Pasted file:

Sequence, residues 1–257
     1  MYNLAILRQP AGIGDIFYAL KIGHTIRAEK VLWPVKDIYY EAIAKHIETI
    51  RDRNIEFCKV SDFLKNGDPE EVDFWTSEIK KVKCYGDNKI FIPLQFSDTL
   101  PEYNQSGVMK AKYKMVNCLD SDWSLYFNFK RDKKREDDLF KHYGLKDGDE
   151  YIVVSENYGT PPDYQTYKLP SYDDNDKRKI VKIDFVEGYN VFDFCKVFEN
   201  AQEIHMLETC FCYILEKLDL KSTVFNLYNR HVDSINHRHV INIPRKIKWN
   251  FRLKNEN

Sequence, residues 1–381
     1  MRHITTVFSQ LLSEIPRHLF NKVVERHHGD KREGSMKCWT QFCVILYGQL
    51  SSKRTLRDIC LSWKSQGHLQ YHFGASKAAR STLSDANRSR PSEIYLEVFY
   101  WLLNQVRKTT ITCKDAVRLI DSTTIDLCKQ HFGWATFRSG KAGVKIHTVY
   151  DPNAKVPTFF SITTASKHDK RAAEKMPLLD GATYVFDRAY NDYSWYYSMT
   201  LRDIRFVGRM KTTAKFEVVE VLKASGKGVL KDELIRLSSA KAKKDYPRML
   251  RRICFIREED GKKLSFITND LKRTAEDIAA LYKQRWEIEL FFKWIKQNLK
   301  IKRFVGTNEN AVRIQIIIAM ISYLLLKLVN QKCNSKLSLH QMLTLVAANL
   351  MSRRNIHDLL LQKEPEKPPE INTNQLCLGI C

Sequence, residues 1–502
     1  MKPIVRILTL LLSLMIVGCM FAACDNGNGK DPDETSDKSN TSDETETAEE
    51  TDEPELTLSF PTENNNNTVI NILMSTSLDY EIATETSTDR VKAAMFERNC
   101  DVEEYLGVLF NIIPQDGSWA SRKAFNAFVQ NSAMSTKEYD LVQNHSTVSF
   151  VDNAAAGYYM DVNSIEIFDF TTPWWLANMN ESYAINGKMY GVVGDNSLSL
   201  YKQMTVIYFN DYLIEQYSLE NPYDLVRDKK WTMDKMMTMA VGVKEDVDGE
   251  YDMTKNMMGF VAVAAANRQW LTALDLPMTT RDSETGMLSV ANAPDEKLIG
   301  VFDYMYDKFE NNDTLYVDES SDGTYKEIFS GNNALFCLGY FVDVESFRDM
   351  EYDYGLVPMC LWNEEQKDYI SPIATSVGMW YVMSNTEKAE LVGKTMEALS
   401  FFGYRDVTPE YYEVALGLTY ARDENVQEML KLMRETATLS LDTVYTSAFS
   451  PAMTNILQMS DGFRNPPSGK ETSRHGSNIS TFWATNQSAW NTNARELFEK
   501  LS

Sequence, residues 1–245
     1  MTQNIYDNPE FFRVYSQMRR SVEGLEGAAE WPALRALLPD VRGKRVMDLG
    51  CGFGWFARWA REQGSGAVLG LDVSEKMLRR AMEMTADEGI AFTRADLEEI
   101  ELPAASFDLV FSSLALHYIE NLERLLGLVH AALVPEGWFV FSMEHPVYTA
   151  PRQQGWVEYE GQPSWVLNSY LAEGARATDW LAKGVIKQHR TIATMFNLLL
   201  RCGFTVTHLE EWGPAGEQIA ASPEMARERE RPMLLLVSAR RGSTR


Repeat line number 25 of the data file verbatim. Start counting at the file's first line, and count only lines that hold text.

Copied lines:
   351  EYDYGLVPMC LWNEEQKDYI SPIATSVGMW YVMSNTEKAE LVGKTMEALS